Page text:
Window size is the amount of time over which a waveform is sampled, known as time record, expressed in samples. For example, a window size of 128 samples at a sample rate of 48 kHz. Equals a time record of 128 samples x 1/48000 seconds = 0,0027 seconds or 2,7 milliseconds.
So how does this determine frequency resolution?
Time record is not unlike shutter speed on a camera. For a waveform to be fully characterized, it must complete at least one full cycle within the duration of the time record. Consequentially lower frequencies (longer periods) require longer time records. Continuing the example above. A 2,7 ms time record equals a period of 1/0,0027 = 375 Hz. In other words, the lowest frequency you can analyze with a window size of 128 samples at a sample rate of 48 kHz is 375 Hz.
The Fast Fourier Transform will show all frequencies that have completed one or more full cycles during the time record. Again continuing the above example. Runner-up is 2 cycles or half the time record each, which is period of 750 Hz. Twice the lowest frequency. Third place goes to 3 cycles or one-third of the time record each, which is a period of 1.125 Hz. Three times the lowest frequency. So on and so forth. The linear fashion of FFT is revealing itself, demonstrating the 375 Hz bandwidth of a 128 sample time window or 2,7 ms time record at 48 kHz sample rate.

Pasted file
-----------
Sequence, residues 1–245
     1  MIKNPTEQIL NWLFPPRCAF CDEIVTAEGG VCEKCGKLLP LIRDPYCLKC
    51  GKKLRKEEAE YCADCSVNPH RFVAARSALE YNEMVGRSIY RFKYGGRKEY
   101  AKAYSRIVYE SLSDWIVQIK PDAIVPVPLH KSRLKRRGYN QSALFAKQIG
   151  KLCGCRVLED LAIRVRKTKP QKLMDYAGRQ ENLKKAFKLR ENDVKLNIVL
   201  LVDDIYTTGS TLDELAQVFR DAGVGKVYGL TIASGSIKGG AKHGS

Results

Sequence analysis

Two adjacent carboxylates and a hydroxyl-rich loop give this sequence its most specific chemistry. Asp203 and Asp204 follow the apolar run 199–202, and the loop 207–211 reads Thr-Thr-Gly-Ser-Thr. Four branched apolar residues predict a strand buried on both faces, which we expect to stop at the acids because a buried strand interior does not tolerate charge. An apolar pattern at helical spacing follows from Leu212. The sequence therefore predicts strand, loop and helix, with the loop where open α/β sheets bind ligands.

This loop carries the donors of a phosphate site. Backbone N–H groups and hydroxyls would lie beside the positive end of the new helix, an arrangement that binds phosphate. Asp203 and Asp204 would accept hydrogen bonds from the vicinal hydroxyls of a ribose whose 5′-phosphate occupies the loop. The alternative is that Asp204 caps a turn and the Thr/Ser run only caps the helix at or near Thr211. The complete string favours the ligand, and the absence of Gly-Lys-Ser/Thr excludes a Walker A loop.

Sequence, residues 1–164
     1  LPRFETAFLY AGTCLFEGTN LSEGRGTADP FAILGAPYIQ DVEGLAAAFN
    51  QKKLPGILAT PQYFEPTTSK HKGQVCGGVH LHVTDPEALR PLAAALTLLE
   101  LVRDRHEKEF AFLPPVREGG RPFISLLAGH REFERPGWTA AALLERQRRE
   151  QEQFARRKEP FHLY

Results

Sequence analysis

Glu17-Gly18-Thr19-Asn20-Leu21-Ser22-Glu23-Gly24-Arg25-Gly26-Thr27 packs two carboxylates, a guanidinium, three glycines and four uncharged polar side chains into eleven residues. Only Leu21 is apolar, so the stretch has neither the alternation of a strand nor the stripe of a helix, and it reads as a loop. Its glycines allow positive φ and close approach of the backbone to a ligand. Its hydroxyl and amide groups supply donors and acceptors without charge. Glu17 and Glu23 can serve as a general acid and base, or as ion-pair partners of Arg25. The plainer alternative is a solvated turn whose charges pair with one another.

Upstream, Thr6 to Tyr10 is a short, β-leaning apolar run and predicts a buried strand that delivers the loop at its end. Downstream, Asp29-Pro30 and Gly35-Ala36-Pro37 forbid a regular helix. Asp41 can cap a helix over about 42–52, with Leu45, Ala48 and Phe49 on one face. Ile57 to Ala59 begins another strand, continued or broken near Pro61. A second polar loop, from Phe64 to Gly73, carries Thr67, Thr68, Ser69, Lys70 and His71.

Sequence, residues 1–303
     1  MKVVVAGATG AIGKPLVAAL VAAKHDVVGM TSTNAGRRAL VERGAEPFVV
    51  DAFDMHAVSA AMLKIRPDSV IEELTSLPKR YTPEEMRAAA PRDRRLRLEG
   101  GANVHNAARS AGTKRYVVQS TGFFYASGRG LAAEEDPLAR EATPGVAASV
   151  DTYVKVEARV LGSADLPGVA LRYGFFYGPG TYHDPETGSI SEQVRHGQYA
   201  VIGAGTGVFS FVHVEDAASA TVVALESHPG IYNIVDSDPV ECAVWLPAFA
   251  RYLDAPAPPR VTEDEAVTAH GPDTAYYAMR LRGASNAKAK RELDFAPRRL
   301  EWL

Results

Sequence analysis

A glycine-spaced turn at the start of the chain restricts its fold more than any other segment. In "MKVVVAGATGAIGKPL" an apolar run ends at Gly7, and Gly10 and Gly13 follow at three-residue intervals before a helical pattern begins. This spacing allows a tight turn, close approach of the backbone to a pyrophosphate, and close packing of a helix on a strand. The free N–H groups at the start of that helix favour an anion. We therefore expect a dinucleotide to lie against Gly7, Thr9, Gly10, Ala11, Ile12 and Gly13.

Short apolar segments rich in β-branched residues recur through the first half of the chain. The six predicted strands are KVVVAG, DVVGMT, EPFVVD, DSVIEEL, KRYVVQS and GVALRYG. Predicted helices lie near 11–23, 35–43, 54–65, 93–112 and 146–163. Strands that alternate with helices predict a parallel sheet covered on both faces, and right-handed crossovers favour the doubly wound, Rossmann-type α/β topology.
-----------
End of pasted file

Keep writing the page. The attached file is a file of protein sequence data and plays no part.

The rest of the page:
The image on the right shows the entire series up to Nyquist or half the sample rate, for a window size of 128 samples, containing 63 frequencies or data points. With each octave the amount of data points doubles and frequency resolution increases. The frequency resolution is expressed in Points Per Octave or PPO. The last column shows the bandwidth of each data point expressed in octaves.